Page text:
# What is Weight? (All the Basic Definitions & Units Explained)

When we try and go deeper into understanding the definition of weight, it becomes clear that weight is more than just how heavy something is. There are many invisible forces acting in front of our very eyes that determine the weight of something. This post will have a look at the deeper meaning of weight and how it differs from other similar concepts such as mass.

Strictly speaking, weight is the force exerted on a body by gravity and is measured in newtons. Another way to define it would be the force needed to support a given object. These are the most common definitions found in introductory physics textbooks around the world. It differs from mass in that mass measures the amount of matter something contains.

If you canâ€™t remember the information from that high school class, youâ€™re in luck. Because this post will go into detail about the difference between weight and mass and the invisible force that ties it all together. Hopefully, without putting you to sleep.

## Weight is All About Gravity

The first thing to understand is that the weight of something is determined by gravity. Or rather, the force that gravity has on an object. The more force that gravity pulls on an object with, the heavier that object is.

What this means is that the mass of something is consistent. The mass of a 10 kilogram weight is the same on Earth, the Moon, or Jupiter.

The weight of something, however, changes based on the gravitational force present. So something that weighs 10 kilograms on Earth will weigh less on the moon because the gravitational force of the moon is less than that of the Earth. The same applies to other planets in our solar system.

So if somebody believes that theyâ€™re overweight, the truth is that gravity is simply pulling them down with more force compared to somebody who is lighter than them.

For the sake of clarity, weight in this blog post will refer to the weight of an item on Earth.

## Weight Measurement Units Explained

Over the years, there have been a huge amount of units of measurement for weight that have been invented. The baseline measurement unit, and the one that all the rest are based off of, is the measurement of force. In the International System of Units (SI), this is the newton.

The newton measures the gravitational pull on an object, and is a good starting point for measuring the weight of things. In fact, the newton is the only unit of measurement that measures weight. All the other units that we have come to know as measuring weight are actually measuring mass.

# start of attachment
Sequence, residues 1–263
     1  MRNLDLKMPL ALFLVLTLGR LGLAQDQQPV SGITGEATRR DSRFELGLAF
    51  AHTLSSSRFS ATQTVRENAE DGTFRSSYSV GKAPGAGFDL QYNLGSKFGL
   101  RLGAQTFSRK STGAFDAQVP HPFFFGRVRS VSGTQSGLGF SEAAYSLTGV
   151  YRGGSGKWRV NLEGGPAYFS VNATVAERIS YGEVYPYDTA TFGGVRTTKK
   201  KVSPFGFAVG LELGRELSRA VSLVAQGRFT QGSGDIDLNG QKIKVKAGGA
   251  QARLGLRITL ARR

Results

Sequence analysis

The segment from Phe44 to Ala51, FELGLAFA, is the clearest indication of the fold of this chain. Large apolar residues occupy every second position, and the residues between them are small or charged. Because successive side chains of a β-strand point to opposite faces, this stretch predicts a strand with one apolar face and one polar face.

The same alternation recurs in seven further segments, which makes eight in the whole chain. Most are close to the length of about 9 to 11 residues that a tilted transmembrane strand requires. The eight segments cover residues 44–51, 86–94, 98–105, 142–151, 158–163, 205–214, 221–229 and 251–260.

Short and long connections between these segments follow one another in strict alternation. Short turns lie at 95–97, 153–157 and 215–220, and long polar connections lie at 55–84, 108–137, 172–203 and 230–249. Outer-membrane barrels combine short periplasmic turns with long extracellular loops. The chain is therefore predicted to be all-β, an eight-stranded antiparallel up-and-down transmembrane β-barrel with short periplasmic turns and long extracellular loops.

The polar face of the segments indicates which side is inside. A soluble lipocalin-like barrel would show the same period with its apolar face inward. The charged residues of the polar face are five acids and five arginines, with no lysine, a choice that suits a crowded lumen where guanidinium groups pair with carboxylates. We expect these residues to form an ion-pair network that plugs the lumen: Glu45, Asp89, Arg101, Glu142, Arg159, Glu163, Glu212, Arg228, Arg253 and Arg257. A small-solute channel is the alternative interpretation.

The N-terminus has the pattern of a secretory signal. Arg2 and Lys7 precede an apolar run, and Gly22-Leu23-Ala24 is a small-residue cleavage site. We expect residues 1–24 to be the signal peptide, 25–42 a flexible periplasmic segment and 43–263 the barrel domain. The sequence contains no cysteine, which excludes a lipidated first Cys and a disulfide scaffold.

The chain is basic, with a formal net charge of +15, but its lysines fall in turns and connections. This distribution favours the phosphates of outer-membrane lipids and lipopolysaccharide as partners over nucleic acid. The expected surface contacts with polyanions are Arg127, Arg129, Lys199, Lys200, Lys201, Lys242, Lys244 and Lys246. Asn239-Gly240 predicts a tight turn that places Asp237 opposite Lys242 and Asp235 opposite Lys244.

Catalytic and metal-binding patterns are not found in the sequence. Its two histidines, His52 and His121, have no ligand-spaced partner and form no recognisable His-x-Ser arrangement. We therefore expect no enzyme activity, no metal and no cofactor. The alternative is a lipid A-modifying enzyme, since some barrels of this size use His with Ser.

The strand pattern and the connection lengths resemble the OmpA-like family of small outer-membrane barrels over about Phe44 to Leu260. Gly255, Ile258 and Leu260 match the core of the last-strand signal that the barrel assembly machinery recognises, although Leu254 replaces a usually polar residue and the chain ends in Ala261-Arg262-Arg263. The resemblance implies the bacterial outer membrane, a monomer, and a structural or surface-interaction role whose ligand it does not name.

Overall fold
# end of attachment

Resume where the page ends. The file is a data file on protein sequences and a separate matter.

Itâ€™s no coincidence that the unit of measurement for the force of gravity is named after the person that discovered gravity in the first place, Mr Isaac Newton.

The very first recorded unit of measurement for weight is the grain. The grain was used to weigh out silver and gold in the distant past. As you may have guessed, this was based on the weight of a grain of barley or wheat. Since then, times have changed somewhat, and the grain as a unit of measurement has fallen out of use.

With that said, we still have plenty of different units that we can use to measure weight. We can measure things from as light as a feather, to as heavy as a building, and we need different units of weight to give us an accurate understanding of exactly how heavy something is.

Shortly weâ€™ll take a look at some of the different units of measurement that we use to determine how heavy something really is. But first, letâ€™s go back in time.

### Which Came First, Metric or Imperial?

Officially, the metric system was first explained by itâ€™s creator in 1618. Although itâ€™s been around for longer than 400 years, the adoption of the metric system has not been around for that long. In some parts of the world (looking at you USA), the metric system has still not been adopted.

The metric system was officially adopted by France in 1795. Close to 200 years after itâ€™s initial inception, it was finally adopted as the official method of weights and measures in a major country.

The imperial system was adopted by Britain in 1824, although elements of this system go back way further than that. For example, the Roman Empire used the mile as a unit of measurement as far back as 0AD.

Over the century and a half that followed, regular corrections to this measurement system meant that it was constantly evolving. In 1963, weights and measures were redefined to fit into the metric system. Eventually, in 1965, Britain adopted the new system of weights and measures and officially switched over to the metric system.

It is interesting to note that Britain originally followed the Imperial system and only officially adopted the metric system just over 50 years ago.

As you can see, elements of the Imperial system have been in use for way longer than the metric system. These elements have changed and been refined over the centuries as our lives and the world has changed around us.

Even though the metric system has been around for centuries, worldwide adoption has been slow and is still not complete. This can lead to plenty of confusion and miscommunication. So letâ€™s take a look at some of the different units we use to measure weight.

### The Metric System’s Units

#### Milligram

In the metric system, the lightest measure of weight is the milligram. This is equal to 1/1000th of a gram.

#### Gram

Going up (or heavier) from there, we get the gram which is equal to 1000 milligrams. The word â€˜gramâ€™ comes from the Late Latin word â€˜grammaâ€™. This word, in turn, comes from the French word â€˜grammeâ€™ which means a small weight. The symbol for gram is g.

#### Kilogram

One gram is still a small amount of weight. The next unit up the scale is the kilogram and 1000 grams equal one kilogram. The word â€˜kilogramâ€™ finds its origins in the French word â€˜kilogrammeâ€™. Which itself comes from the Greek word for a thousand, which sounds similar to â€˜kiloâ€™. Therefore, the word kilogram, when broken down into its original parts, literally means a thousand grams.